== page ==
Many therapists will use homework to support treatment goals. I am certainly one of those therapists. Homework can come in a variety of forms and should be specific to each individual's needs. Sometimes homework will be to practice a skill, other times it will be to engage in a challenging behavior or to visit a certain place.
Generally my "homework assignments" come organically in session and are essentially small goals for the following week. If I just reviewed the basics of deep breathing, your homework may be to practice this through the week. If we are discussing communication skills, the assignment is likely to be to use these skills with the appropriate people. Some counselors will assign homework that relates to session topics but are an expansion based on what the therapist thinks will be helpful. They may provide you with their suggested homework during or at the end of session. These may also be practicing skills, taking time to think about a certain prompt, or avoiding a behavior.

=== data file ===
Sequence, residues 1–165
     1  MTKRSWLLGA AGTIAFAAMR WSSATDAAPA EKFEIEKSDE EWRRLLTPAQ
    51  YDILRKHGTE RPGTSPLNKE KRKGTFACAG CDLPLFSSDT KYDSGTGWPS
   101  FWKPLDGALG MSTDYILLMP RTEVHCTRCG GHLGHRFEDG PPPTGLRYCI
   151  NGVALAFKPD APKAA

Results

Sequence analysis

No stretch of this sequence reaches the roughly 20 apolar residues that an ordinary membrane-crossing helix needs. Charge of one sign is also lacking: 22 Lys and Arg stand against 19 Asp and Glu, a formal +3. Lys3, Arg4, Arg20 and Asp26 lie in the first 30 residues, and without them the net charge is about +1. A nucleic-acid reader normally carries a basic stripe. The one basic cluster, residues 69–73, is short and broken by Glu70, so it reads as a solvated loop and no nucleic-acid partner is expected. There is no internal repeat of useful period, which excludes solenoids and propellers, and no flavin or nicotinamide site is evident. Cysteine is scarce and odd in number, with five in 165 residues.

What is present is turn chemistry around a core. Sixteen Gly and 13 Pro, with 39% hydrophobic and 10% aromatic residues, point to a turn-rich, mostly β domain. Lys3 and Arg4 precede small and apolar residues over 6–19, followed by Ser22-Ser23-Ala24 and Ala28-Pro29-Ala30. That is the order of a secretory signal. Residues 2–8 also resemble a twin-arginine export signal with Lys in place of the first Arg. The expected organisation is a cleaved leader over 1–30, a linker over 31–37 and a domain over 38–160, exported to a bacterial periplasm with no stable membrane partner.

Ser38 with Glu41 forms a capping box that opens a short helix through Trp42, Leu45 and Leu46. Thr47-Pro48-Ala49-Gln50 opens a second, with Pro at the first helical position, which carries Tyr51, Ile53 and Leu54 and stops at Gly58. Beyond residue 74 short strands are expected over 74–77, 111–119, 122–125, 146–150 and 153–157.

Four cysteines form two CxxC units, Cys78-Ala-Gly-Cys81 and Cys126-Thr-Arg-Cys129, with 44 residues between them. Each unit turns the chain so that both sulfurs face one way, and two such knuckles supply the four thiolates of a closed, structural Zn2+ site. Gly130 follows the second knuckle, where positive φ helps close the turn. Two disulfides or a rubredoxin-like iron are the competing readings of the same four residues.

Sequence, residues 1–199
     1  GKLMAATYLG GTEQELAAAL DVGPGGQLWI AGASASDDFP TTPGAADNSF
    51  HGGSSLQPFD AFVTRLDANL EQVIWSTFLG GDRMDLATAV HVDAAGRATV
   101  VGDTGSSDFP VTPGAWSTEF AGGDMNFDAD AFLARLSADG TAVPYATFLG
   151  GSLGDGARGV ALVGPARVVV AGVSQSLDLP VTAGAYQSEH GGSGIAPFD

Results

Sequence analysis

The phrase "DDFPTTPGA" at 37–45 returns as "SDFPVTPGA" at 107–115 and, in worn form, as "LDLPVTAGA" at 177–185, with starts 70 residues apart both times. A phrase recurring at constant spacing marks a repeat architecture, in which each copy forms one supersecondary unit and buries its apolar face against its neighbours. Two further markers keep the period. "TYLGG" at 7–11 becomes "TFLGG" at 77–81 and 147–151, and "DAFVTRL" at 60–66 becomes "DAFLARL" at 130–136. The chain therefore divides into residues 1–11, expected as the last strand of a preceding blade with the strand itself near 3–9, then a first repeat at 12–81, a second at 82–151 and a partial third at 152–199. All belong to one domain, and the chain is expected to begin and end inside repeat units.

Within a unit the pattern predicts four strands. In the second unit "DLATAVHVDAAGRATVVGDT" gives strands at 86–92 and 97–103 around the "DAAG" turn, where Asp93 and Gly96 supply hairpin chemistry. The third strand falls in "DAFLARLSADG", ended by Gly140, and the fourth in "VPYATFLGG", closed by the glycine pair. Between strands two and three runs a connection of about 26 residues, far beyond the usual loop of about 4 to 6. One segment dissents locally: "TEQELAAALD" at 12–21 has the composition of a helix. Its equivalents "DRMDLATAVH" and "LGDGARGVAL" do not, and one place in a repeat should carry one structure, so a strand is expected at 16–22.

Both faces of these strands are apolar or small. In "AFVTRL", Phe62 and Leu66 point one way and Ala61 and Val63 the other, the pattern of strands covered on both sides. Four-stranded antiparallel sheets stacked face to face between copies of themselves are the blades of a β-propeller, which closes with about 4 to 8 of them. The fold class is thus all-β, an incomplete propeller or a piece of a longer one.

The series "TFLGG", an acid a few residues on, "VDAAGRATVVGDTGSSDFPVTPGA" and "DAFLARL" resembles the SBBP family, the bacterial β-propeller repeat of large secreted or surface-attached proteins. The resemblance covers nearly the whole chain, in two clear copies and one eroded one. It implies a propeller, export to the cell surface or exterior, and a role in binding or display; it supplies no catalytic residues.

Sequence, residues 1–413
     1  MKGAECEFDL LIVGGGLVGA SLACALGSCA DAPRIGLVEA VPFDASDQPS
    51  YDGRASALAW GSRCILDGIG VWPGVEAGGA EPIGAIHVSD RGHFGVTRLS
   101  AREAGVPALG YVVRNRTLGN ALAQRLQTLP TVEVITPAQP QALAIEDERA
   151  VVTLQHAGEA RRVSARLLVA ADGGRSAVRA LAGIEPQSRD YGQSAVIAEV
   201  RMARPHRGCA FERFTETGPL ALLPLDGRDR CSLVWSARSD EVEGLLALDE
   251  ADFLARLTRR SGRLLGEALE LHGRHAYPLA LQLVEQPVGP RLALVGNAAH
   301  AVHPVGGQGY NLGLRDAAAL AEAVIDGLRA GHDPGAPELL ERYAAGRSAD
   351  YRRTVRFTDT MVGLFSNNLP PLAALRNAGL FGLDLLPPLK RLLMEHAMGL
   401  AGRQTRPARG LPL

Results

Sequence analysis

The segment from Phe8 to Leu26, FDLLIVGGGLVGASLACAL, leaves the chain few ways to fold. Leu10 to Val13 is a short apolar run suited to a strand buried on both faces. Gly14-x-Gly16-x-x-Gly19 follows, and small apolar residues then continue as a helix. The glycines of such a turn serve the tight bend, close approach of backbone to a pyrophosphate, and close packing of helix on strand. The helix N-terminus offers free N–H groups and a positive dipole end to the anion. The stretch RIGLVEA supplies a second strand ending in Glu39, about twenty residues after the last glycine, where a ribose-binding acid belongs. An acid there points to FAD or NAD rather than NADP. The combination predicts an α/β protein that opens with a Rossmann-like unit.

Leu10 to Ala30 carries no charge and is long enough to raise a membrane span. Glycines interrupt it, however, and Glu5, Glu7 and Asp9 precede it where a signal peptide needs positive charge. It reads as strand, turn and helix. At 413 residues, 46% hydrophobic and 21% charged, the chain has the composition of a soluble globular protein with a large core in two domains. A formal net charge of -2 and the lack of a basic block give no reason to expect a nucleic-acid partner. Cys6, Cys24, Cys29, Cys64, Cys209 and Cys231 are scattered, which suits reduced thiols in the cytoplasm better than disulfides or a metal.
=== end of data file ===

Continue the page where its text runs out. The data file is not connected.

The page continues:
Hopefully the concept of having therapy homework makes sense to you. It operates on the same premise as the homework we have all had to do in school - by practicing throughout the week, it supports and expedites the therapy process. If you are only going to therapy once every week or two, there is a long period between appointments that should be used to help your progress. If you only do your thinking and practicing during sessions, progress will be slow and likely unrewarding. If you follow through with homework established in sessions, you can expect to experience stronger and quicker results than only doing work in therapy sessions.
If you are getting assignments from your therapist that you don't feel are helpful, are too easy or hard, or otherwise don't seem beneficial to your treatment -- talk to your therapist! All therapy is dependent on collaboration between client and therapist, and you should feel comfortable asking questions about homework (and techniques in general). Sometimes you may need to push yourself try some homework that you aren't so fond of. Your therapist may have some insight that will truly be beneficial and can only be learned by your follow-through. Keeping a dialogue going about what you feel is helpful, confusing, or detrimental is important to your overall progress and happiness in therapy.
about the Posts
In these posts and videos I share information about my own practice, therapy in general, and skills you can use in your daily life.